Intersections of Art, Technology and Society

This new project will host a series of six talks and/or workshops in 2017-18 with guest scholars and artists for investigating interdisciplinary connections between the arts, technology, and society. By examining the influence of technology on how we think and what we create, the project aims to extend existing scholarship at UCR and to explore new methodologies and new kinds of research questions in the context of digital humanities. The idea of practice-based research and the emergence of entirely new fields of scholarship and artistic creation result in significant changes on how concepts are formulated in disciplines of the humanities. The speakers/presenters are contemporary scholars and artists engaging cutting-edge research on technology in their own work and collaborative environment, including a scholar on body/media technologies, a choreographer, a visual/digital media artist, a composer/digital sound scholar, an author/game designer and a performer/theater director. The talks/workshops will be organized in collaboration with the departments of Dance, Theater/Film/Digital Production, Art History, Media and Cultural Studies and Music, aiming to interact with ongoing research from faculty and students, and addressing specific needs of the departments. The overall goal of the project is to promote collaboration and the development of interdisciplinary research at UCR that critically inquires the relevance of various technologies in artistic scholarship and creation.


November 1, 2017: Harmony Bench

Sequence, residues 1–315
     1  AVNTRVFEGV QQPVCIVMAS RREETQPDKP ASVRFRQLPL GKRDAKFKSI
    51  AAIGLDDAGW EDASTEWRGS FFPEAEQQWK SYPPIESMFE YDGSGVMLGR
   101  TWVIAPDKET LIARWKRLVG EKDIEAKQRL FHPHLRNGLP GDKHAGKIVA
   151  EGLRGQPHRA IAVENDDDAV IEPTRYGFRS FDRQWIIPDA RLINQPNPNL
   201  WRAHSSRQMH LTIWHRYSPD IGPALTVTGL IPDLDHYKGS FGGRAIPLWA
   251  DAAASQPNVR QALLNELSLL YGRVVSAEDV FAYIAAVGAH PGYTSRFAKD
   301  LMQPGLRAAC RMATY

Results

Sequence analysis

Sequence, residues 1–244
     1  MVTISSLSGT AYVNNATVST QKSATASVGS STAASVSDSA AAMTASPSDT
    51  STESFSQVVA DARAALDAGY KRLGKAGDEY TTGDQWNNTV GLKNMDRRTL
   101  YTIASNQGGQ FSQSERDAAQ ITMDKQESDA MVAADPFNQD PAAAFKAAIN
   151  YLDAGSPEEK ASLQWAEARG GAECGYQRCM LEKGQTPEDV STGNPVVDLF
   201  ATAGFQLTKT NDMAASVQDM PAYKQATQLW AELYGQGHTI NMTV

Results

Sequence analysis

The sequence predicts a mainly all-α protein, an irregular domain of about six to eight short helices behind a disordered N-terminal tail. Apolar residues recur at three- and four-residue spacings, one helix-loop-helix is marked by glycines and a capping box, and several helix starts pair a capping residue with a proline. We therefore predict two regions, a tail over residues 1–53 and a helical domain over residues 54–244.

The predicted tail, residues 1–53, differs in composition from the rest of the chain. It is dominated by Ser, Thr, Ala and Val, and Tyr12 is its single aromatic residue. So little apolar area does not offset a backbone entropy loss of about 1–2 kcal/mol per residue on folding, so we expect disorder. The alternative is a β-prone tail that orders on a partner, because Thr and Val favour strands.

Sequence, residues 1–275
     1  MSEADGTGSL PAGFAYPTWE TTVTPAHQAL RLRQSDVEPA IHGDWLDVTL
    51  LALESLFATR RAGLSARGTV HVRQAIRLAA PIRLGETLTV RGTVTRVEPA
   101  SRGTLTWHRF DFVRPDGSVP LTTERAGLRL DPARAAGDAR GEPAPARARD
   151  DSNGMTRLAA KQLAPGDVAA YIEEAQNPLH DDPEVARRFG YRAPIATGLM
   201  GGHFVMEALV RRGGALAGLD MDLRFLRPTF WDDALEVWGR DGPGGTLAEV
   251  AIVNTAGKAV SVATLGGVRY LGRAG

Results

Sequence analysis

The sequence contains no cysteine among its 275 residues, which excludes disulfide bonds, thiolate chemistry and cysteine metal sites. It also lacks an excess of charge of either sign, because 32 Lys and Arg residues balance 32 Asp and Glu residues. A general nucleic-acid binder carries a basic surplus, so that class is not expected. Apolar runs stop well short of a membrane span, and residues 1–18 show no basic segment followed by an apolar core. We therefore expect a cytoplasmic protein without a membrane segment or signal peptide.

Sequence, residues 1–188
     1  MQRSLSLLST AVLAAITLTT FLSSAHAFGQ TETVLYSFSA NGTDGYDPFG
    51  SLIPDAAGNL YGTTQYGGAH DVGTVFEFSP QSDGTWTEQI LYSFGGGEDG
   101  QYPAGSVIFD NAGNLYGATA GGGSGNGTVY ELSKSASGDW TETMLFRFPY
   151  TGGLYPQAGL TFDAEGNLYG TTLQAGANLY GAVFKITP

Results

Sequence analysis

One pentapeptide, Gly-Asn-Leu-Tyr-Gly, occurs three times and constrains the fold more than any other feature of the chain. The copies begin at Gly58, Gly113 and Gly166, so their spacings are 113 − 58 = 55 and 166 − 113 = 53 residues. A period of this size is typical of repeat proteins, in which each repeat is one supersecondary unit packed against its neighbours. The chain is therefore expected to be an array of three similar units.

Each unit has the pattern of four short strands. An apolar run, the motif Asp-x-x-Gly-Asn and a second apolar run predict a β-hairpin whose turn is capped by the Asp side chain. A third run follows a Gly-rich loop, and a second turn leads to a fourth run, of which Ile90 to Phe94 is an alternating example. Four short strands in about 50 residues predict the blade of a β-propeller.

On the Rails: A data visualization approach to 20th century dance touring

January 24, 2018: Matthew McCray
Media in Performance Workshop

April 21, 2018: Chris Chafe & Scott Oshiro
Online Jammin’

April 30, 2018: Grisha Coleman
Listening as the Land Talks Back

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Paulo C. Chagas (Music)
Jeanette Kohl (Art History)
Erith Jaffe-Berg (Theater, Film, and Digital Production)
Anthea Kraut (Dance)
Linda Tomko (Dance)
Taisha Paggett (Dance)

This project is funded by a Humanities Interdisciplinary Projects (HIP) Award. The Center’s annual HIP Awards support projects of varying format and focus in the humanities fields or cross-college collaborations with a humanities emphasis. The Center’s Advisory Committee seeks to fund interdisciplinary work across the academic community with potential appeal to a wider public audience. Examples of projects HIP awards may support include, but are not limited to, seed funding for larger grant proposals, cross-college and cross-school collaborations and workshops, conferences, symposia, and public lectures.